New Businesses: Cocoa Belle
By Grant, Rachel
Owner: Carmen Portillo
Address: 400 President Clinton Ave., Little Rock, 72201
Phone: (501) 952-6064
Hours: Tue.-Fri., 9 a.m.-5 p.m.; Sat., 9 a.m.-3 p.m.
Start-up: June 28, 2008
Web Site: www.cocoabellechocolat.com
Carmen Portillo, owner of Cocoa Belle, is making candy almost too beautiful to eat.
Cocoa Belle specializes in chocolate truffles that come in a variety of flavors, including key lime, mango, strawberry and milk and dark chocolate. “Some of the flavors are seasonal like the fruit flavors, but others are year-round,” Portillo said.
Portillo, who creates her own recipes, uses all-natural, kosher and fair-trade and slave-labor-free chocolate.
“Your common Snickers bar is not made out of real chocolate but chocolate coating,” Portillo said. “A lot of chocolate out there is made of hydrogenated oils. That’s why a bag of M&Ms is 53 cents because it is so cheap to produce.”
A piece of Cocoa Belle chocolate, each of which is handmade, costs $2, but the chocolate’s quality goes far to explain the price. Fine liqueurs, herbs and fresh cream make up Portillo’s European- styled treats, which are decorated with gold leafing and colored air- brushed cocoa butter. It takes 12 to 15 hours for Portillo to fill up her display case.
“What I do is very labor intensive. I use Swiss chocolate that comes from paid plantation workers. Since my chocolate comes from paid labor, I have to pay more,” Portillo said.
The Little Rock native attended the University of Central Arkansas in Conway for a year before deciding to pack her bags and go live in London for 14 months. Portillo said she first started working with chocolate while overseas.
She returned to Little Rock and worked at the accounting firm BKD but quickly became tired of being in an office and was looking for the opportunity to be creative.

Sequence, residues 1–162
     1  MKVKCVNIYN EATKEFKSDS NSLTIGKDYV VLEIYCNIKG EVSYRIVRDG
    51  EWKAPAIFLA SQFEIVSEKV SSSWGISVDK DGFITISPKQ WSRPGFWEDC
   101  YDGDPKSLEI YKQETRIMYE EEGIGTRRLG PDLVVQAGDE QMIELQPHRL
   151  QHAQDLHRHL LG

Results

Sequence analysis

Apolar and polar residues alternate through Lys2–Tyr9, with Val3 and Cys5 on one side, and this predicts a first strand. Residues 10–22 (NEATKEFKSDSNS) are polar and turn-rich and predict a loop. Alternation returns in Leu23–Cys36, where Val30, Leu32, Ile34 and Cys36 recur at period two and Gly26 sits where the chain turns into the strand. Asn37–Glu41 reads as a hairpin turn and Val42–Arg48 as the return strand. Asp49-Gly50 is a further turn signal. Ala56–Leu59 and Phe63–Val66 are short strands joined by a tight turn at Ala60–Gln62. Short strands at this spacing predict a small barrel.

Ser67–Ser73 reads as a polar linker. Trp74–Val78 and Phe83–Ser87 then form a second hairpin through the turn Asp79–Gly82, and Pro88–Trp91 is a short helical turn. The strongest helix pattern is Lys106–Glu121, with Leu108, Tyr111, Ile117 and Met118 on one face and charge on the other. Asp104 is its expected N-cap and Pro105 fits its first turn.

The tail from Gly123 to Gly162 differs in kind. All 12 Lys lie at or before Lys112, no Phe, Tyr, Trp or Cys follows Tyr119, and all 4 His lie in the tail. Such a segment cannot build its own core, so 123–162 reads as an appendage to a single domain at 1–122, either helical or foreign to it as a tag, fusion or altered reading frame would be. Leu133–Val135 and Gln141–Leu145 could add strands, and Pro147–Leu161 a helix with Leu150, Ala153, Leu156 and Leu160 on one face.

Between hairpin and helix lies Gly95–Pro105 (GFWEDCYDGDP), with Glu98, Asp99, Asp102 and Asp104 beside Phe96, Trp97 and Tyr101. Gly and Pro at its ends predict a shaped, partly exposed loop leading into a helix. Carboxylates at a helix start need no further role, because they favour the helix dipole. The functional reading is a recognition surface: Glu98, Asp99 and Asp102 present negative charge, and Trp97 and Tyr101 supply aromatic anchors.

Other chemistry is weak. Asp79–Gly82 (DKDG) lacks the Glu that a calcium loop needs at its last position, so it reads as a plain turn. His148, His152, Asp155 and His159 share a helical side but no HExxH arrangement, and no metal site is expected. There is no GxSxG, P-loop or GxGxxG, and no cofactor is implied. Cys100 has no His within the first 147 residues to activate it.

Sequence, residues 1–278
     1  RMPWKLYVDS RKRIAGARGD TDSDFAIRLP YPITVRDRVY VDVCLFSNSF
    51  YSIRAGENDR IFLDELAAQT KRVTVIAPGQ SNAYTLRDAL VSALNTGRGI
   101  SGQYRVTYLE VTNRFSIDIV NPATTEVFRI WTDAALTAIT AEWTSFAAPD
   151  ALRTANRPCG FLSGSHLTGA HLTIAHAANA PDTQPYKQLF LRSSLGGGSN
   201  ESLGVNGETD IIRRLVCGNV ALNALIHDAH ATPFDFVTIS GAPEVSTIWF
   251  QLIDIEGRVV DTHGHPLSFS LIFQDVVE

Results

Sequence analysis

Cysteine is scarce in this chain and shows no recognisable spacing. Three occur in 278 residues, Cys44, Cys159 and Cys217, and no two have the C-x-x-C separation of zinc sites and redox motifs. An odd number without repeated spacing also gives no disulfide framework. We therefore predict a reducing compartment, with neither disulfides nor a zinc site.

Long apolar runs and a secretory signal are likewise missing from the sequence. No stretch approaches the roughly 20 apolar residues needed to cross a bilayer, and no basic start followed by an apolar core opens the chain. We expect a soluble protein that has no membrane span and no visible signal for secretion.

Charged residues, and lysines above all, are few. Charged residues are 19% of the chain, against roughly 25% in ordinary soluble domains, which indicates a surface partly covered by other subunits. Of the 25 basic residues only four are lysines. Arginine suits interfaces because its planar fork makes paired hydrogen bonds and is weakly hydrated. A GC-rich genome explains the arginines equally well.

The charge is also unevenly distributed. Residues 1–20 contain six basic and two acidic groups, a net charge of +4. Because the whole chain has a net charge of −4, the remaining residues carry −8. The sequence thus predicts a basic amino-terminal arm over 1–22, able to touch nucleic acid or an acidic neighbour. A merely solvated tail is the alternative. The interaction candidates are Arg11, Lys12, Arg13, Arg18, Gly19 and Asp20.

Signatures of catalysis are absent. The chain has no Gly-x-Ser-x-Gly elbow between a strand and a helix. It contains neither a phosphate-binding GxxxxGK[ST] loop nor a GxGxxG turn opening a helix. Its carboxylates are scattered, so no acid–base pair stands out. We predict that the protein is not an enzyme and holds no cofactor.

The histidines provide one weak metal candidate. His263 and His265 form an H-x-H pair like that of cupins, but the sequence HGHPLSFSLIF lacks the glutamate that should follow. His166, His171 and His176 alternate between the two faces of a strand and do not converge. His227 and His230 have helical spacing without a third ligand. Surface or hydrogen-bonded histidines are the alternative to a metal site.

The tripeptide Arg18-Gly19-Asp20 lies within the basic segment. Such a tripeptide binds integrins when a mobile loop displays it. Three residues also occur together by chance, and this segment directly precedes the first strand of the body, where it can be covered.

In 2006, she attended the Hotter School of Pastry Arts in Orlando, Fla. Then she received her certified chocolatier license from the Ecole Chocolat in Vancouver, British Columbia.
“I wanted to do something in the culinary arts,” Portillo said. “I always knew I wanted to open my own business. As a chef, I didn’t want to be cooking until 10 p.m. If I was working at a bakery, I didn’t want to be up at 3 a.m. With chocolate, it is a mid-day operation. People don’t expect you to be open really early or late. Plus [making chocolate] is fun.”
The 24-year-old invested $10,000 in equity and obtained $20,000 in loans to start her business in the River Market. “The River Market helps small businesses get on their feet. Being here in the River Market, I am able to reach a broad audience.”
Portillo sells from 400 to 600 pieces of chocolate daily. “I think people have been anticipating [the opening of my business]. They think ‘finally someone is making something handmade.’ “
With business going well, Portillo hopes in the future to have a free-standing location with a production facility in the back.
Copyright Arkansas Business Jul 28, 2008
(c) 2008 Arkansas Business. Provided by ProQuest LLC. All rights Reserved.